Fly fishing can be daunting, confusing, and downright unapproachable for many of those who want to take up this wonderful sport. The gear alone is pricey, and the terminology is a mix of antiquated measurements, technical terms and names not found in any language. The often confusing and conflicting advise newcomers receive does not help.
If one is a doctor or a lawyer or otherwise endowed with a large disposable income, one could attend an Orvis fly fishing school at some destination resort, but what do other 99% do? Where are they to go for advise?
In talking to non-fly fishers about some angling subject or another, I often discover that they have a fly rod in the closet somewhere that has never been cast. Some present from their wife or grandfather or other caring soul, it has sat there for years gathering dust instead of making memories.
I feel for these people, and have made it a mini mission of mine to encourage people to enjoy the great outdoors through fly fishing.
One of the largest hurdles to get over for a beginning fly angler is the sheer cost of the equipment.
I was in need of a new fly line for a specific rod, so I opened up the Cabelas catalog where I discovered to my shock that the price of a fly line is now roughly the equivalent of an average mortgage payment. Here is where fly fishing gets the 'snob' reputation. There are quite good rods and reels and other gear out there that do not cost an arm and a leg, but they are often buried under pages of $700 flyrods, $600 waders, and $500 reels.
I had customers come to my flyshop specifically because they felt they had been sold down the road and had their wallet fleeced by other fly shops. I had manufacturers reps that denigrated cheap equipment, and at all times exhorted me to push the most expensive rods and reels. I have no problem appreciating and using the best in life, but for the beginner, perhaps a wee bit of restraint is in order.
Sometimes the most expensive equipment is marketed to the angler that wants to improve his or her fishing but buys into the 'Magic Bean" concept that a better gadget will help them along the way, and solve their problems for them. The easy fix has accounted for millions of dollars in sales. I once had a customer that couldn't cast past his shoelaces buy a $700 dollar fly rod so that he could cast farther. The cost for a casting lesson with me would have set him back about $50.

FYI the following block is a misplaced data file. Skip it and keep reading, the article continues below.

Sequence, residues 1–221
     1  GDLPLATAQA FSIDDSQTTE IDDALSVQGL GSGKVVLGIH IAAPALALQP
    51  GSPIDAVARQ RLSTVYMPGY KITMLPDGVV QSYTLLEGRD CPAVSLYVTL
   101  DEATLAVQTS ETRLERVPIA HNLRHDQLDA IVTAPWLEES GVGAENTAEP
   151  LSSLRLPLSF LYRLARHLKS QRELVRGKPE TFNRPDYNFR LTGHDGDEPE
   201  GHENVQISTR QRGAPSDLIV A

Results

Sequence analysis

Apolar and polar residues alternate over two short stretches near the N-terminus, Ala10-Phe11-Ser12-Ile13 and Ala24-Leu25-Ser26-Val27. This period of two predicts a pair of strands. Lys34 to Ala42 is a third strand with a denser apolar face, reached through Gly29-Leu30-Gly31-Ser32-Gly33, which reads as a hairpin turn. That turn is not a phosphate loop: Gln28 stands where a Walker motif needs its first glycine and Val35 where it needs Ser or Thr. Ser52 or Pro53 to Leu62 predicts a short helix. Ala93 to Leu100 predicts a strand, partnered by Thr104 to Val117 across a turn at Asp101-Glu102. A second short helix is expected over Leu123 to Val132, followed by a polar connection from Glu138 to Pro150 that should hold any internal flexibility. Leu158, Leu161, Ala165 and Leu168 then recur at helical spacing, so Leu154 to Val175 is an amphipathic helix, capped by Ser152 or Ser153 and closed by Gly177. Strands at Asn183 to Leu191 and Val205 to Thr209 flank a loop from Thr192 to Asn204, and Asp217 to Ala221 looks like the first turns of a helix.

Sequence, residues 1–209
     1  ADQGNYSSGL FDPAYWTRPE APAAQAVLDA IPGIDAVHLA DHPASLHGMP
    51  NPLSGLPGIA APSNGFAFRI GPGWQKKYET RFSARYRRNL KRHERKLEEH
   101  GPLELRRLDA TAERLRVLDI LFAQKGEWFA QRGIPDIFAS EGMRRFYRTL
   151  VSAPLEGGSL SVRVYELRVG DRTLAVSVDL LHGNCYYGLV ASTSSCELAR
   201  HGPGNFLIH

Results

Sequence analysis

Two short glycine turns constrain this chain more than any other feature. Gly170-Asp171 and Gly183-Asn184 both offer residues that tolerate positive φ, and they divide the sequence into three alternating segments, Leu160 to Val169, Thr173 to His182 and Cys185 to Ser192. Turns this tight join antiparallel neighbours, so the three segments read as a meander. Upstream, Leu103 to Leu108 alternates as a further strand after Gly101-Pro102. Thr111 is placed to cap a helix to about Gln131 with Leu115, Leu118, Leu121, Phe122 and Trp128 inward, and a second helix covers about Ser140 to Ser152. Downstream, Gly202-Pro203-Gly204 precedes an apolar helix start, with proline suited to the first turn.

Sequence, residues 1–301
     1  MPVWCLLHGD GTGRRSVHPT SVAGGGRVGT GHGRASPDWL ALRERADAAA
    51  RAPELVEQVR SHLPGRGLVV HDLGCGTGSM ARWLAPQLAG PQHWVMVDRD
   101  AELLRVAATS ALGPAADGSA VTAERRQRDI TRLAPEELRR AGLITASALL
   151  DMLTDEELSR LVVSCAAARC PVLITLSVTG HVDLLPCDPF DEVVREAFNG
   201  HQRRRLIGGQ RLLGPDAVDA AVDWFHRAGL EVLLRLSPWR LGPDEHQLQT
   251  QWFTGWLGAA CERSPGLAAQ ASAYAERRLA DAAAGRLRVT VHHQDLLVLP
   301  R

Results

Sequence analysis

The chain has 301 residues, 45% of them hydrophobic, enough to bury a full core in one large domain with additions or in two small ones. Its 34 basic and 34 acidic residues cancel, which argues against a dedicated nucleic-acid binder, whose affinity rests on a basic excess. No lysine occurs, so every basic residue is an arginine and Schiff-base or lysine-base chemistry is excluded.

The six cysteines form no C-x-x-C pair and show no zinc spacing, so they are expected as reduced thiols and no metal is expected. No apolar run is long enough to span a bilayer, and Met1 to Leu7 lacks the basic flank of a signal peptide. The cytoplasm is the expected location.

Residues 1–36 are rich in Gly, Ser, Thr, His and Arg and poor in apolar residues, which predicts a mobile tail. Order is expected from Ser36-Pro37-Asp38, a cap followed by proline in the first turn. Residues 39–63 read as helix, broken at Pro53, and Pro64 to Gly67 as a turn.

So, to come back to the topic at hand, how does one take up fly fishing?
- Visit a fly shop and talk to a professional. If the professional steers you toward the $750 pair of ivory forceps find another fly shop. Buy a book on fly fishing. There are many good ones out there. Take it home and read it. Then read it again. Talk to any friend you have that fly fishes. He or she will give you loads of advise. Some of it will be good and some will be bad. Refer back to the book to be able to tell the difference.
- Think about what type of fishing you are going to be doing most and be honest with yourself. You are best off fishing for panfish, stocked trout, or some other easier quarry at first. Under no circumstances pick a famous trout stream for a first destination. That will be just setting yourself up for a fall.
- Based upon where and what you want to fish for, determine the correct tackle (weight of rod and line, etc.) Begin exploring fly shops and talking to the people who work there. You will encounter snobs, fanatics, and people who will either not speak to you or will talk your head off. If you want to get rid of them, ask them where the "Worm poles" are.
- When you are certain of the right rod and line weight, select a good entry level rod that has a solid warranty. long sticks of graphite tend to break after all. Buy a reel that balances the rod and does not break the bank, and the correct fly line. The line is quite important here. You don't have to buy the most expensive one, but listen to the advise you get. You may need to buy a 6 wt line for your 5 wt rod. See? I told you it was confusing...
- Once you have the rod, reel, line, several leaders, a spool of tippet material, and a flybox loaded with a couple of dozen general purpose flies such as attractor dries, wooly buggers, and small poppers, it is time to learn how to cast. But what about the waders and creel and vest, and and, and...? Forget about it until later. Learn to cast. Buy a video on casting, get a simple lesson, and practice on the lawn for a half an hour every day. Write down what you learn. Tell the neighbors to stop asking you what you are fishing for. Use a piece of yarn tied to the end of your leader at first so as to avoid body piercings in strange locations.
- Find a gazateer or other good map, put on a floppy hat, pack a sandwich and a water bottle, don the mosquito repellent, grab your gear and start exploring!
Ability to get out of the house and off the couch, share the outdoor experience with friends, explore nature, and catch your first fish... priceless.